Unveiling HHS time capsule

PHOTOS BY ROXY STIENBLOCK/PLAINSMAN Huron School Board members Craig Lee, left, and David Wheeler open the time capsule buried by the HHS Class of 1968. The capsule was discovered during renovations at the high school. Shown in the second photo are some of the items that were enclosed.

HURON — The time capsule from the Huron High School Class of 1968, which was found during renovations on the high school, was opened at Monday night’s school board meeting.

Committee members Craig Lee and David Wheeler opened the time capsule with several members of the class of 1968 in attendance. The time capsule that was discovered while construction was under way on the front entrance of the high school and principal’s office area, tucked behind the cornerstone

Unveiled in the time capsule was the public school district registry, The Daily Plainsman paper from Feb 7, 1965, and Feb 9, 1965, featuring news stories about the school when it was being built, and comic sections of the newspaper. Also included were reports on the 1962 consult committee survey, reports of the 1963 study committee, and election information on bond issues encouraging people to vote yes on the bond issue for a new school on Monday, Feb 8, 1965. Class schedule, copies of the school budget and a school yearbook rounded out the items. Board members believe the 1968 School Board had put together the time capsule items.

The original bond issue for the new high school in 1968 failed a couple of years before it was built, said Superintendent Terry Nebelsick.

“The original plan that failed called for a swimming pool on the north side of the high school,” he said.

The School Board formally adopted its annual budget in new business. The General Fund grew $156,000, while the Capital Outlay fund decreased $4,542,000 for the 2020-2021 year. The General fund went up causing mill levys to decrease across the board.

“The capital outlay budget shows extra money during the years of construction,” Nebelsick said. “Because the capital outlay certificates are issued and the money is put in the capital outlay fund until it’s used for construction.”

Nebelsick explained that as the construction on the high school and middle school finishes up, the budget for capital outlay will be back down next year.

The memorial rock in memory of former teacher Tom Baszler has arrived. Board members are deciding where to place the rock, wanting to follow the pattern of what they have done with other coaches that have been honored. Baszler was known across the state for his long jumpers. They are considering placing the rock near the long jump pits so people can see it and remember him. The family of Baszler and administrators are working on honoring him at an appropriate time.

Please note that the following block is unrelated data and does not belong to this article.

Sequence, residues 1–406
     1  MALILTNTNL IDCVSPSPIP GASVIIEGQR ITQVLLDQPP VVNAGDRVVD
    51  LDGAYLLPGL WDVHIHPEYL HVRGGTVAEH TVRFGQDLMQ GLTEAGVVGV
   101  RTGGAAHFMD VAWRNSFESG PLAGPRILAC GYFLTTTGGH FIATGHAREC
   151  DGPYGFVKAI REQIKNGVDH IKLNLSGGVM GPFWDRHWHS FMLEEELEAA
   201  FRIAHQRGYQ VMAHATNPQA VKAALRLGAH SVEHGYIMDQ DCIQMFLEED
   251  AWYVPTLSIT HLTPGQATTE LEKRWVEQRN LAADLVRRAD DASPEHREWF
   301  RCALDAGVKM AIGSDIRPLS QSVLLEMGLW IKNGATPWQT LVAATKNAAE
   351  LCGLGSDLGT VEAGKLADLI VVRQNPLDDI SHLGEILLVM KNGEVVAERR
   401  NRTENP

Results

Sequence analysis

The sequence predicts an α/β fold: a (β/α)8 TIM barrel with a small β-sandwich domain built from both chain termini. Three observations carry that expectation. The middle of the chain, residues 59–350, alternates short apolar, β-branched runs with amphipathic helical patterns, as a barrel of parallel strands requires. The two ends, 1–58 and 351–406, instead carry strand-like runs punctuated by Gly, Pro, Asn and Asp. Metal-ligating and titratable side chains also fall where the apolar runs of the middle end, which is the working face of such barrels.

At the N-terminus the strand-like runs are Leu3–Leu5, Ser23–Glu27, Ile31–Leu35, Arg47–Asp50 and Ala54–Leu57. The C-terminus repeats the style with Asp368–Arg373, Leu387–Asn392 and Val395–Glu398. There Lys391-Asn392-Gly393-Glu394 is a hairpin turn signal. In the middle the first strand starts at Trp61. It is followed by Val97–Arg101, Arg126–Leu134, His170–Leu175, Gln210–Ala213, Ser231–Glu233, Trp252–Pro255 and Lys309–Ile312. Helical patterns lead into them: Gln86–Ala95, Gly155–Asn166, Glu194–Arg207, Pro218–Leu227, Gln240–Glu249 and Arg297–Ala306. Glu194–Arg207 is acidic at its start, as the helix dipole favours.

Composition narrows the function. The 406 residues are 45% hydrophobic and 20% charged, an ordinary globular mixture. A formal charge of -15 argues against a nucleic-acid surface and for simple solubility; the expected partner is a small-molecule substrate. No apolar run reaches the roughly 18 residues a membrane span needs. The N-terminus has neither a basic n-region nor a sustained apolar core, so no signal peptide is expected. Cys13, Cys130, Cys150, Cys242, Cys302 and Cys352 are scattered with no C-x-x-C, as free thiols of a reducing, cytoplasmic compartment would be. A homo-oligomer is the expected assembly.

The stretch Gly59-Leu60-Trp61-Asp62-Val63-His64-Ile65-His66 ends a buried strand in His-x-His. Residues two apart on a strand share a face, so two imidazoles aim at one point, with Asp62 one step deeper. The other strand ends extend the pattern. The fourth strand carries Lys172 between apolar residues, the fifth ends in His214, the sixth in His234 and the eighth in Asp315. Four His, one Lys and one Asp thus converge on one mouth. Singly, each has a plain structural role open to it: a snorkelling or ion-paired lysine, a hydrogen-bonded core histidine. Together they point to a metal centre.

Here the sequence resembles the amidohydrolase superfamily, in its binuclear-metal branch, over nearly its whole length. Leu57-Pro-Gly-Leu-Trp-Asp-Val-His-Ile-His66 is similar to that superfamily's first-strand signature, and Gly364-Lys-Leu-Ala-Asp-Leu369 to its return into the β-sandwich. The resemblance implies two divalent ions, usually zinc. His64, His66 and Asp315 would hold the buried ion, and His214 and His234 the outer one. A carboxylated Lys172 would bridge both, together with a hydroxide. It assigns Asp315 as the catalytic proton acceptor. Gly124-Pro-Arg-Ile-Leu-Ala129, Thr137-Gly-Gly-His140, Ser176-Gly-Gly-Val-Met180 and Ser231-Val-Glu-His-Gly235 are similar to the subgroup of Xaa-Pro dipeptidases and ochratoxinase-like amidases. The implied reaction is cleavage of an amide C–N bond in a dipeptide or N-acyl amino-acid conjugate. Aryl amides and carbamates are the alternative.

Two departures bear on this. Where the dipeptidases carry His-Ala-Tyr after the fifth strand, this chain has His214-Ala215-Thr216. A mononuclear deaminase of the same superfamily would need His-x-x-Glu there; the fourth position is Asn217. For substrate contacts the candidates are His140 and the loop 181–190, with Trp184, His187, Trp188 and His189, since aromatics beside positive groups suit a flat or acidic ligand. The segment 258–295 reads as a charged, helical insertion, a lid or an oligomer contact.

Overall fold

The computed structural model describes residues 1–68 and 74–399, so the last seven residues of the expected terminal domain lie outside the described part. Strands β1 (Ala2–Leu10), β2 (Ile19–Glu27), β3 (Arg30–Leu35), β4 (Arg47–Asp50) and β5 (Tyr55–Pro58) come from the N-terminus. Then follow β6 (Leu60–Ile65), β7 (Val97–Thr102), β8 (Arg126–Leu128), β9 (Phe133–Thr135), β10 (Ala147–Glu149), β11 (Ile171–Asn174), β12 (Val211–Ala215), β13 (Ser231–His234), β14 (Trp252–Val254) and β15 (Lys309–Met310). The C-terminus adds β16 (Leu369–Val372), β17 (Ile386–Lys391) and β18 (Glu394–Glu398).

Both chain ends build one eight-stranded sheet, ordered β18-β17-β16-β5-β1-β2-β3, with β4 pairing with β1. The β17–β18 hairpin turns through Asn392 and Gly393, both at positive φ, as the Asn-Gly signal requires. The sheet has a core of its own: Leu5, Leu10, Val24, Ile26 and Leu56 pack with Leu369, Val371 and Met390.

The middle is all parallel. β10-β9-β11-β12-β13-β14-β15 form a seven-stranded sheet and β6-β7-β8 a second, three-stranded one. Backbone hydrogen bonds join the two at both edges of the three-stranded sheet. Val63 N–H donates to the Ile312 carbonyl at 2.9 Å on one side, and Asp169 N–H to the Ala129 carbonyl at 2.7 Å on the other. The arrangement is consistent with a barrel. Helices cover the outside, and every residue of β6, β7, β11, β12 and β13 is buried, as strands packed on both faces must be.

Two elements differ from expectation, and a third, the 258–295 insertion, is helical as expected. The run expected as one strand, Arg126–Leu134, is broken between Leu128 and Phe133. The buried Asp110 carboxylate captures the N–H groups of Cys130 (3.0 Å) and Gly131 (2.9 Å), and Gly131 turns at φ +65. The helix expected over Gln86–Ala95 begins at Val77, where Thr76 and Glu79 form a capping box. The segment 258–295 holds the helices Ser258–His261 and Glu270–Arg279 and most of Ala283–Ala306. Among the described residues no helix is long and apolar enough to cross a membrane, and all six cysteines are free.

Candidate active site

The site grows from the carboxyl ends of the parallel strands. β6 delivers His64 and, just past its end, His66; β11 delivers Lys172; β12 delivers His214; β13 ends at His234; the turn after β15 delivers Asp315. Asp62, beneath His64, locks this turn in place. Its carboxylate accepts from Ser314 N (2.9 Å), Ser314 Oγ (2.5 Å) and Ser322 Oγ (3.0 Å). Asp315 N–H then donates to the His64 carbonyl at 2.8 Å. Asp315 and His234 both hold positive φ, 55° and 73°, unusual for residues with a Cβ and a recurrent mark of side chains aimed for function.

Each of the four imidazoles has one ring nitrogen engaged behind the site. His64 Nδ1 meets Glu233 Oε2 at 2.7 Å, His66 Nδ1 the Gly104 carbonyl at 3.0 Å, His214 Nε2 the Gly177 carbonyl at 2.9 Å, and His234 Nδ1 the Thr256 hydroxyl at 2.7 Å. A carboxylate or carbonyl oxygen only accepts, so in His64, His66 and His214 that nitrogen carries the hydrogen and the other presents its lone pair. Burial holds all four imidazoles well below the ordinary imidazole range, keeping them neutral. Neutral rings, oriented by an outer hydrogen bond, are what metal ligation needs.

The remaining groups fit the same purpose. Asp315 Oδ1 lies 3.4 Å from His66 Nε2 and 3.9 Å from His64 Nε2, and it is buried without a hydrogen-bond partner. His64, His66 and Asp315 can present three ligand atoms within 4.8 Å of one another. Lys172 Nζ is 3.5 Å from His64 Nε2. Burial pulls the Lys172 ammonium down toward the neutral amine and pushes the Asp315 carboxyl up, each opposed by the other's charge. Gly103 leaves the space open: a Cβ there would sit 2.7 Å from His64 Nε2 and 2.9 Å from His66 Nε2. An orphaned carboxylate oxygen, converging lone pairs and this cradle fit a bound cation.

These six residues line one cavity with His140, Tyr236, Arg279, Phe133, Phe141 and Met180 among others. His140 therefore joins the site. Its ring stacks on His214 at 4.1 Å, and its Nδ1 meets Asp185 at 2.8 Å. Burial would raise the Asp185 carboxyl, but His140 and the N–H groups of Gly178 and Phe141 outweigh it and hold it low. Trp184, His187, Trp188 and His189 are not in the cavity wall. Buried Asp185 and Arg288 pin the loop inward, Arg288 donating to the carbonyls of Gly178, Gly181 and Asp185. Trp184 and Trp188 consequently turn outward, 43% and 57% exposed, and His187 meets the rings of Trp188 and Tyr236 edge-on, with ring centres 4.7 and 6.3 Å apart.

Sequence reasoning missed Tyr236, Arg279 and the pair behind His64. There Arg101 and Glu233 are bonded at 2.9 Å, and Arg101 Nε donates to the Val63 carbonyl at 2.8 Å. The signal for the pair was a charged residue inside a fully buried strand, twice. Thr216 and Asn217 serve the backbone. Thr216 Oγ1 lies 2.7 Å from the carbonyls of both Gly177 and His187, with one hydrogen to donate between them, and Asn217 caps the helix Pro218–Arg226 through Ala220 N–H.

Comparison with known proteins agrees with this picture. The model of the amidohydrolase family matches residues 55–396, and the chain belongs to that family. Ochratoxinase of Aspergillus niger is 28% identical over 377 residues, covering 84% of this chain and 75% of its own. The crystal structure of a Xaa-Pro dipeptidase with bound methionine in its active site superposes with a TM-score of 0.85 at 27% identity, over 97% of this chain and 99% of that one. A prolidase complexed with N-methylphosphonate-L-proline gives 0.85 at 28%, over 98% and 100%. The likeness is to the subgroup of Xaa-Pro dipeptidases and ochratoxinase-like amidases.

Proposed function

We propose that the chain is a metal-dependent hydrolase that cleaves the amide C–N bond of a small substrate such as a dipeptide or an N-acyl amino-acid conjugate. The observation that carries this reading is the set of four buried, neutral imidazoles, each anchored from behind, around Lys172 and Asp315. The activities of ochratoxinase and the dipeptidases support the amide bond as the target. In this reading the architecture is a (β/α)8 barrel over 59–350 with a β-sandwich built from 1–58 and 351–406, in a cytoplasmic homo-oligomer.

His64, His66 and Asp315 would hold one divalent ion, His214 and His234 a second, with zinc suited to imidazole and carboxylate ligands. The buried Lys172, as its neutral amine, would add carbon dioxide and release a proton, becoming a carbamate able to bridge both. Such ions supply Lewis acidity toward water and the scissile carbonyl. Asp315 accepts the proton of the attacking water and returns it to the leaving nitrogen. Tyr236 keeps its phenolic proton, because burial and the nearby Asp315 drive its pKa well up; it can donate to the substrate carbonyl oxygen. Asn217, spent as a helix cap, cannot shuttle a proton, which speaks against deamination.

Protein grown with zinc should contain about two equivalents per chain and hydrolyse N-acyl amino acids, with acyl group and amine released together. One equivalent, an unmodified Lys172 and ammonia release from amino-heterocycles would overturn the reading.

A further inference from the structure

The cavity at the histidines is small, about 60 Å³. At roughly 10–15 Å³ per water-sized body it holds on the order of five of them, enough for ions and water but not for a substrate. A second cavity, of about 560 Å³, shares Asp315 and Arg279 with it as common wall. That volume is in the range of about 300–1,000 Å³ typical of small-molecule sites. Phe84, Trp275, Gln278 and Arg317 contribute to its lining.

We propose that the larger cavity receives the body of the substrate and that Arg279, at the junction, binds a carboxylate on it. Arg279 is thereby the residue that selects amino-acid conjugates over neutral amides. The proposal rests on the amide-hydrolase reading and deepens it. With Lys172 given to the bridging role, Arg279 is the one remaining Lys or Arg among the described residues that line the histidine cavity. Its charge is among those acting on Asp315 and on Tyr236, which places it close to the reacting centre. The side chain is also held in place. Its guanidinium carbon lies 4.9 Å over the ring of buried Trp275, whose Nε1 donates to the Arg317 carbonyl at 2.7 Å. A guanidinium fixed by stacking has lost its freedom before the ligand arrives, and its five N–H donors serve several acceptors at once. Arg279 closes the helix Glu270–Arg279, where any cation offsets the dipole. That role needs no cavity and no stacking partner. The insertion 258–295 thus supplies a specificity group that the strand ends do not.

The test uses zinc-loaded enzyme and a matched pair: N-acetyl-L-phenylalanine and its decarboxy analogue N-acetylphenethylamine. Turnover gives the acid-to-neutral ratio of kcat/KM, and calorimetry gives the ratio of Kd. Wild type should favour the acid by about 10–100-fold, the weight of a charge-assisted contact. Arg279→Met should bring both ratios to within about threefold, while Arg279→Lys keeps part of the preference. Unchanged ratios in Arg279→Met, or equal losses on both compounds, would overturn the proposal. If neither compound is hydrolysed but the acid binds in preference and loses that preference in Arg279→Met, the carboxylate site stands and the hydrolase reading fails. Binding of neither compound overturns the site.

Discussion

School board members discussed whether to have parent-teacher conferences, which is another tough challenge at task. The board understands the issues that are faced, such as the limiting how many people are to be in an area and in the school; but at the same time they don’t want to be isolated from the parents because parent relationships have been very important.

“We are looking at possibility of zoom addresses,” said Nebelsick “We are looking at what is practical, is it better to have appointments, and some people will choose to forgo it at this time.

“At this time we have had no spread of the virus within the school,” Nebelsick said. “We actually only had three cases identified that had tested positive — either a staff member or a student — during the time of school and appropriately notified people when it happened and most of those quarantines have passed without incident.”

A request to use the Tiger Stadium for a sixth-grade football game on Tuesday, Oct. 15, was approved by the board. The board also approved the hire of 14 individuals and the resignations of three. They also approved a sign at the Northeast Headstart Preschool at McKinley School.

Superintendent Nebelsick thanked the many businesses and community members who donated bag chairs for the students to be able to continue learning in an outdoor environment.

“We’ve been working and the cabinet has been working with me on forms that will bring a lot more clarity to some things that have happened with distance learning that have caused me great concern,” Nebelsick said. “Concerns about faculty being burned out on trying to do all things to all people as we have had numerous people that are social distancing with nothing to do with COVID. I believe that our entire faculty supports that if someone is out there and not wanting their children interacting yet because of the pandemic, we are here to accommodate them,” he said “What we’ve found is some people are wanting distance learning and then working in an environment that has many other people. Distance learning was not deigned for that. Some people are wanting to take certain classes on campus because they can’t do the certain classes alone. The COVID-19 plan did not call for that, either you are isolated from others because of your own health, or you are comfortable being with others. Some individuals are wanting to be in sports program without learning in school.

“This is something new with no history to look back on as it was put together fairly quick, so you can’t account for problems that may arise,” School Board President Tim Van Berkum said. “You discover them like you obviously have, and you take steps to correct them and try to make them better for the staff, because we certainly don’t want to overwork our staff.”

In dates to remember, this Friday is Homecoming and there will be Early Release with a parade. Members discussed the homecoming tradition of ringing the bell if the football game is won.

“The end result will be to accommodate the parents wishes,” said Nebelsick.

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